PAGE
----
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Generating Non-Projective Word Order in Statistical Linearization
Bernd Bohnet | Anders Björkelund | Jonas Kuhn | Wolfgang Seeker | Sina Zarriess
Proceedings of the 2012 Joint Conference on Empirical Methods in Natural Language Processing and Computational Natural Language Learning

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To what extent does sentence-internal realisation reflect discourse context? A study on word order
Sina Zarrieß | Aoife Cahill | Jonas Kuhn
Proceedings of the 13th Conference of the European Chapter of the Association for Computational Linguistics

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A Corpus-based Study of the German Recipient Passive
Patrick Ziering | Sina Zarrieß | Jonas Kuhn
Proceedings of the Eighth International Conference on Language Resources and Evaluation (LREC'12)

In this paper, we investigate the usage of a non-canonical German passive alternation for ditransitive verbs, the recipient passive, in naturally occuring corpus data. We propose a classifier that predicts the voice of a ditransitive verb based on the contextually determined properties its arguments. As the recipient passive is a low frequent phenomenon, we first create a special data set focussing on German ditransitive verbs which are frequently used in the recipient passive. We use a broad-coverage grammar-based parser, the German LFG parser, to automatically annotate our data set for the morpho-syntactic properties of the involved predicate arguments. We train a Maximum Entropy classifier on the automatically annotated sentences and achieve an accuracy of 98.05%, clearly outperforming the baseline that always predicts active voice baseline (94.6%).

2011

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Underspecifying and Predicting Voice for Surface Realisation Ranking
Sina Zarrieß | Aoife Cahill | Jonas Kuhn
Proceedings of the 49th Annual Meeting of the Association for Computational Linguistics: Human Language Technologies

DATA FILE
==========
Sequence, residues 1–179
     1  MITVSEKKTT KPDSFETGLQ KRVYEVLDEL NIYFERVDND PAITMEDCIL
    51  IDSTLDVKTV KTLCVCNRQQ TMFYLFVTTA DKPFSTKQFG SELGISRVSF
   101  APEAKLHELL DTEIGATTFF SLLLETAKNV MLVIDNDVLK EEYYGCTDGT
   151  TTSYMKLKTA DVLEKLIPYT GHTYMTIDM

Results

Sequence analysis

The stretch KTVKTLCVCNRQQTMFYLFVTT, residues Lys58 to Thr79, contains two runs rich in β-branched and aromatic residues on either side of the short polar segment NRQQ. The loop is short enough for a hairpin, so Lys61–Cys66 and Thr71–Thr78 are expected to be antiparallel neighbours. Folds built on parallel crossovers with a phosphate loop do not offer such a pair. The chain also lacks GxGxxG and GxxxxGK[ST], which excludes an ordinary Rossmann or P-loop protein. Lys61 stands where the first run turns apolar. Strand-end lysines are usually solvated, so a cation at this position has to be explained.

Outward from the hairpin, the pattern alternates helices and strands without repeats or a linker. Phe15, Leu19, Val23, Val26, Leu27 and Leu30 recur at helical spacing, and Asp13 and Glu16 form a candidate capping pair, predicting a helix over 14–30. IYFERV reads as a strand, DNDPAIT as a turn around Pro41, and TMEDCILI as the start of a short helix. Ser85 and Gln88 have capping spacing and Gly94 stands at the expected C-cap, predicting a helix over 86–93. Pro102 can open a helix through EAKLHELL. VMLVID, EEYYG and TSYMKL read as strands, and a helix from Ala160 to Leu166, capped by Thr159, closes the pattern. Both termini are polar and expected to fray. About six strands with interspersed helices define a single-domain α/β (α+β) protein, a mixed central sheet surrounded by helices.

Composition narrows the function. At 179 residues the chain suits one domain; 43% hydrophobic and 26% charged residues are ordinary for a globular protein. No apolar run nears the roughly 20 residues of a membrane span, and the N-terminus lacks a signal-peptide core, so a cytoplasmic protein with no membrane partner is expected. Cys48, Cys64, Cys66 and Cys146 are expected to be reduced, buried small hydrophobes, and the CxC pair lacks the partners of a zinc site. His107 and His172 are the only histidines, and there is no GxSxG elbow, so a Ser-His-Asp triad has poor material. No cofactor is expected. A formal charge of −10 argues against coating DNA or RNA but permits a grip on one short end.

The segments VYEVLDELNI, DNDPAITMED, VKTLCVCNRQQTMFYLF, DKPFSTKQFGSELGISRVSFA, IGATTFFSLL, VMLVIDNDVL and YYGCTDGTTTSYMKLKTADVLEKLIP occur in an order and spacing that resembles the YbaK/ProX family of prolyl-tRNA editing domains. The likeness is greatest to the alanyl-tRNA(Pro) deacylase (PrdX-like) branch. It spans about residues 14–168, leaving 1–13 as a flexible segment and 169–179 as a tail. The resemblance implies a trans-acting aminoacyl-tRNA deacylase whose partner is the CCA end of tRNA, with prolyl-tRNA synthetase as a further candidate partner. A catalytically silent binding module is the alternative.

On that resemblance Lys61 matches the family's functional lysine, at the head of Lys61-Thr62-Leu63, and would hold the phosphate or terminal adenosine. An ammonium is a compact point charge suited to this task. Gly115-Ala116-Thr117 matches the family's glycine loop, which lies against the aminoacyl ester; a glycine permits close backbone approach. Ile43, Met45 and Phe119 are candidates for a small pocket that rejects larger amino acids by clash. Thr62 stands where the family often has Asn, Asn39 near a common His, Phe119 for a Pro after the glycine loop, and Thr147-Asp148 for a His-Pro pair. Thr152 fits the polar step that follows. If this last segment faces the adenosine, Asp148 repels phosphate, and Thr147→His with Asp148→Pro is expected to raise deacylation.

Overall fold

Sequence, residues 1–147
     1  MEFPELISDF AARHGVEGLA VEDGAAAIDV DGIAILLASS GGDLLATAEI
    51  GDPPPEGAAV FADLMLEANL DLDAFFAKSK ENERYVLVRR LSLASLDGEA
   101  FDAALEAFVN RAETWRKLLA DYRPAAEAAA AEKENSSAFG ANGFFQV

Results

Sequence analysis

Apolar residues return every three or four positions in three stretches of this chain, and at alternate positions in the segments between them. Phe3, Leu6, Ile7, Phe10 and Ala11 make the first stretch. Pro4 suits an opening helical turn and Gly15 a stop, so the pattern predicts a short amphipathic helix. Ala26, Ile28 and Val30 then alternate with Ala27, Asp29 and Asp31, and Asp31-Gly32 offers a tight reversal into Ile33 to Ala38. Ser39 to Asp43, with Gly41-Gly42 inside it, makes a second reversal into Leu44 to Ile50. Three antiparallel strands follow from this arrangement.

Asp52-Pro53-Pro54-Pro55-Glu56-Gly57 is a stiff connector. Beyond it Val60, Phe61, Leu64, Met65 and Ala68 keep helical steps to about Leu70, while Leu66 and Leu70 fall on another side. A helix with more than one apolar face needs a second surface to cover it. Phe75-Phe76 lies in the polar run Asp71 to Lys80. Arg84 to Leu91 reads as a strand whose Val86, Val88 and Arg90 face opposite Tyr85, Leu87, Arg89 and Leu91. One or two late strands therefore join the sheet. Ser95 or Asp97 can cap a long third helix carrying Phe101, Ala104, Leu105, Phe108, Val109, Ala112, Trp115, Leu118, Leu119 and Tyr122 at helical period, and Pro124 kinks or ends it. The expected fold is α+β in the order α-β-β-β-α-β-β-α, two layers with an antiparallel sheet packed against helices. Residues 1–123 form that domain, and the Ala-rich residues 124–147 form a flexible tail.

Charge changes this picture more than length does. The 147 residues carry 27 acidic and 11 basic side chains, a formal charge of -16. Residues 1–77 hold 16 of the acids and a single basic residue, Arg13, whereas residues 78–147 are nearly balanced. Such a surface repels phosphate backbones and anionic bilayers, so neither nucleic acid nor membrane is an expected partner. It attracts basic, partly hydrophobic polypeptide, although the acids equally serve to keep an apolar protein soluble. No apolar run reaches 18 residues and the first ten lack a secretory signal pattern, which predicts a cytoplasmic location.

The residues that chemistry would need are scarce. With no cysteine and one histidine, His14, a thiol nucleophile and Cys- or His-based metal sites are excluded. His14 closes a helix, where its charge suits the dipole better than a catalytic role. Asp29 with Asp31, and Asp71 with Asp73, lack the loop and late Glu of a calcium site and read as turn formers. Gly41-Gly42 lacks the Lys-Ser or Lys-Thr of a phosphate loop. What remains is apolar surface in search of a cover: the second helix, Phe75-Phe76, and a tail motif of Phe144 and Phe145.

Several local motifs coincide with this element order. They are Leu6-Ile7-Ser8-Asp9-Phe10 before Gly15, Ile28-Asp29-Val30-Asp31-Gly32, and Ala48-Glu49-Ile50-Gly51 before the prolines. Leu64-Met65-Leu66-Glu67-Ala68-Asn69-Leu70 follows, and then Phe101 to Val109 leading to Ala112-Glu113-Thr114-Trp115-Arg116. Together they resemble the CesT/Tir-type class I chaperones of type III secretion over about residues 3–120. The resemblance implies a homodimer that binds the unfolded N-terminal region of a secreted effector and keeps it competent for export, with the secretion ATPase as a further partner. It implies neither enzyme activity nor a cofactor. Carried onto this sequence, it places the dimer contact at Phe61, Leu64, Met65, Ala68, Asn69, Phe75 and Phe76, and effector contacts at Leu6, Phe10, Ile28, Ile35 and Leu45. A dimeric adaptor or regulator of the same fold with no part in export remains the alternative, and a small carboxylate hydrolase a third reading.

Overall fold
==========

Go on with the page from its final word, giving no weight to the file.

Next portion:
2010

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Cross-Lingual Induction for Deep Broad-Coverage Syntax: A Case Study on German Participles
Sina Zarrieß | Aoife Cahill | Jonas Kuhn | Christian Rohrer
Coling 2010: Posters

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A Cross-Lingual Induction Technique for German Adverbial Participles
Sina Zarrieß | Aoife Cahill | Jonas Kuhn | Christian Rohrer
Proceedings of the 2010 Workshop on NLP and Linguistics: Finding the Common Ground

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Design and Development of Part-of-Speech-Tagging Resources for Wolof (Niger-Congo, spoken in Senegal)
Cheikh M. Bamba Dione | Jonas Kuhn | Sina Zarrieß
Proceedings of the Seventh International Conference on Language Resources and Evaluation (LREC'10)

In this paper, we report on the design of a part-of-speech-tagset for Wolof and on the creation of a semi-automatically annotated gold standard. In order to achieve high-quality annotation relatively fast, we first generated an accurate lexicon that draws on existing word and name lists and takes into account inflectional and derivational morphology. The main motivation for the tagged corpus is to obtain data for training automatic taggers with machine learning approaches. Hence, we took machine learning considerations into account during tagset design and we present training experiments as part of this paper. The best automatic tagger achieves an accuracy of 95.2% in cross-validation experiments. We also wanted to create a basis for experimenting with annotation projection techniques, which exploit parallel corpora. For this reason, it was useful to use a part of the Bible as the gold standard corpus, for which sentence-aligned parallel versions in many languages are easy to obtain. We also report on preliminary experiments exploiting a statistical word alignment of the parallel text.

2009

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Developing German Semantics on the basis of Parallel LFG Grammars
Sina Zarrieß
Proceedings of the 2009 Workshop on Grammar Engineering Across Frameworks (GEAF 2009)

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Exploiting Translational Correspondences for Pattern-Independent MWE Identification
Sina Zarrieß | Jonas Kuhn
Proceedings of the Workshop on Multiword Expressions: Identification, Interpretation, Disambiguation and Applications (MWE 2009)

2006

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A Conceptual Analysis of the Notion of Instrumentality via a Multilingual Analysis
Asanee Kawtrakul | Mukda Suktarachan | Bali Ranaivo-Malancon | Pek Kuan | Achla Raina | Sudeshna Sarkar | Alda Mari | Sina Zarriess | Elixabete Murguia | Patrick Saint-Dizier
Proceedings of the Third ACL-SIGSEM Workshop on Prepositions